Kirkwood, MO is a city that is located in the western inner-ring suburbs of St. Louis in St. Louis County. The population of the city was 27,540 as recorded in the 2010 census. The city is named after James P. Kirkwood who built the Pacific Railroad through the town. It was founded in 1853 and was the first suburb to be planned that would lie west of the Mississippi River.
The fire of St. Louis occurred in 1849 and the city also suffered from a cholera outbreak before and after the fire. One tenth of the residents of St. Louis were killed during this time and therefore the idea was put forward to start a new community outside of the St. Louis city boundaries. Kirkwood became this community.
In 1850 land which was located 14 miles from downtown was purchased by Richard Smith Elliot and Hiram W. Leffingwell. This coincided with the time that James P. Kirkwood was building the Pacific Railroad. It was decided that the city should be named after him and Kirkwood was platted in 1852. Lots were sold for the top real estate agents in Kirkwood Association in 1853 when the railroad reached the city. Leffingwell designed a number of areas in the city including Grand Avenue and Forest Park. There were restrictions in the deeds that prohibited buildings being constructed for industrial use.
The train station was built in 1893. It was constructed in the Richardsonian Romanesque style and soon came to be seen as the symbol of the town. Today it is listed on the National Register of Historic Places. There are four other places in Kirkwood on this register including the Frank Lloyd Wright house which is located in Ebsworth Park.
Other attractions in the city include the Meramac Highlands resort which was built on the bluffs above the Meramac River in 1895. The National Museum of Transportation is a private museum that was founded in 1944. It is open to visitors and gives guests the chance to explore 150 years of transportation history in the United States.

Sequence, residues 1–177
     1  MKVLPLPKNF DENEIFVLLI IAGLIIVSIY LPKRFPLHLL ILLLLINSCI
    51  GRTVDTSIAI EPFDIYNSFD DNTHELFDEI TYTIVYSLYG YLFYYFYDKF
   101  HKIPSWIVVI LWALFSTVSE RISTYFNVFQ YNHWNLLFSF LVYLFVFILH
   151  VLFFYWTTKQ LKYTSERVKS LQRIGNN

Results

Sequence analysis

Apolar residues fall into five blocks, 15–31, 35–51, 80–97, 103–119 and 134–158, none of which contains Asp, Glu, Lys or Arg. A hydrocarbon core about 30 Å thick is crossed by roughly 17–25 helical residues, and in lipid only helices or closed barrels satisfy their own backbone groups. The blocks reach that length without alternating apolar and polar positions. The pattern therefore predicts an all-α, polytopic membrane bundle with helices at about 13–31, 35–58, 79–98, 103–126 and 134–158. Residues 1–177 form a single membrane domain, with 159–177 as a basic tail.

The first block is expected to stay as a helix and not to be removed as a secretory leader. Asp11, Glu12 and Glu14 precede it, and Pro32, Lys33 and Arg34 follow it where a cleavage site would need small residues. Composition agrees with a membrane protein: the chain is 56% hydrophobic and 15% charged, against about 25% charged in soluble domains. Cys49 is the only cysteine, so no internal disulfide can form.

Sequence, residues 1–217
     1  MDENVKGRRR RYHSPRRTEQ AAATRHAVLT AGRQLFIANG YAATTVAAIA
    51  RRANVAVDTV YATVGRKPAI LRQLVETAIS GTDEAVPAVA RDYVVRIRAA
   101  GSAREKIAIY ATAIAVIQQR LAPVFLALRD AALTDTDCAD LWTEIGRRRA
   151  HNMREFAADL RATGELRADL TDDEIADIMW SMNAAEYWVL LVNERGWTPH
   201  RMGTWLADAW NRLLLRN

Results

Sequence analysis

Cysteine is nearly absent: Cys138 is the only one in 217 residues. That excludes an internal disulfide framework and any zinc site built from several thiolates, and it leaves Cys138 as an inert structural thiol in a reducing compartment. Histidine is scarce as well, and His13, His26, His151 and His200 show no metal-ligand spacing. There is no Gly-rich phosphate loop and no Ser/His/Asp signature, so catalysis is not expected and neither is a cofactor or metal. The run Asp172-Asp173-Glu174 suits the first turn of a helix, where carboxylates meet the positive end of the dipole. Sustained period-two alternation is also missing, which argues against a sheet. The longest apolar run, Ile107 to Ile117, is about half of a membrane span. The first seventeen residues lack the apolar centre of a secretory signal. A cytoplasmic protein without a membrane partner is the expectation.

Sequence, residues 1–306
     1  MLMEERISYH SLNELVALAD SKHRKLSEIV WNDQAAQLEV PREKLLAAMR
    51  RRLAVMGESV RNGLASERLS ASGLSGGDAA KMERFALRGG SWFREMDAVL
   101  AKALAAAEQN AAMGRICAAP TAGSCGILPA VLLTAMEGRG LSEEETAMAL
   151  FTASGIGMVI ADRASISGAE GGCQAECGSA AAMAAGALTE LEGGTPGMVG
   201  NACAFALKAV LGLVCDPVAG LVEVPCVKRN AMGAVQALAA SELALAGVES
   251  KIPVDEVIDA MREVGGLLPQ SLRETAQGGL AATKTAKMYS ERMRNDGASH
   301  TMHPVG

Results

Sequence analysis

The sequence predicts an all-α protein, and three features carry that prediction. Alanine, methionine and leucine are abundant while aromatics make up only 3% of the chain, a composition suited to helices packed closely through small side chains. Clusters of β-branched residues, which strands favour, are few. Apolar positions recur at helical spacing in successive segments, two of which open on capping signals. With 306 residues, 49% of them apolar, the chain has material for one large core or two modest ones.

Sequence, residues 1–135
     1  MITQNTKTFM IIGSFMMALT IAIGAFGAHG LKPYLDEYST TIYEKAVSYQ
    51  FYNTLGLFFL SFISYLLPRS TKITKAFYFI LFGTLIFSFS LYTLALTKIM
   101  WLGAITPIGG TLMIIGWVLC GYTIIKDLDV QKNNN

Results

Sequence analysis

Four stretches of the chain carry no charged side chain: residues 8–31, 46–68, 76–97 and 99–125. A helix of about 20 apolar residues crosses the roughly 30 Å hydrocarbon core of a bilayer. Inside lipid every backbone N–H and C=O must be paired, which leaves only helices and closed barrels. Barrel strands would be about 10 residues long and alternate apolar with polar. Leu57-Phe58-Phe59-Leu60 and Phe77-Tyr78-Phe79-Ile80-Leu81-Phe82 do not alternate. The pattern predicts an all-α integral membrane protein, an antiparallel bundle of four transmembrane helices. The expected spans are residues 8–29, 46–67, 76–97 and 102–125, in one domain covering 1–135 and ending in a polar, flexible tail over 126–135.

Modern Traditions In Kirkwood
The Greentree Festival has been held in Kirkwood Park every September since 1961. It was originally held to replace trees in the park that had been stricken by drought. The festival consists of a parade and fair and there are many arts and crafts activities for people to take part in.
The Turkey Day Game between the Kirkwood High School Pioneers and the Webster Groves Statesman is the longest running football rivalry west of the Mississippi. In 2007 the 100th anniversary of the game was celebrated. The two teams take it in turns to be the host of the game. The Frisco Bell is awarded to the winners of the game whereas the losers get the Little Brown Jug.
Over 300 local businesses attend the Kirkwood Farmer’s Market on a regular basis. The market was founded in 1976. There is a wide range of homegrown fruits and vegetables available at the market.
St. Louis Children’s Museum is located in Kirkwood and is often referred to as The Magic House. It is one of the most popular family attractions in the area. The building that houses the museum was built in 1901 but it has undergone several renovations since then.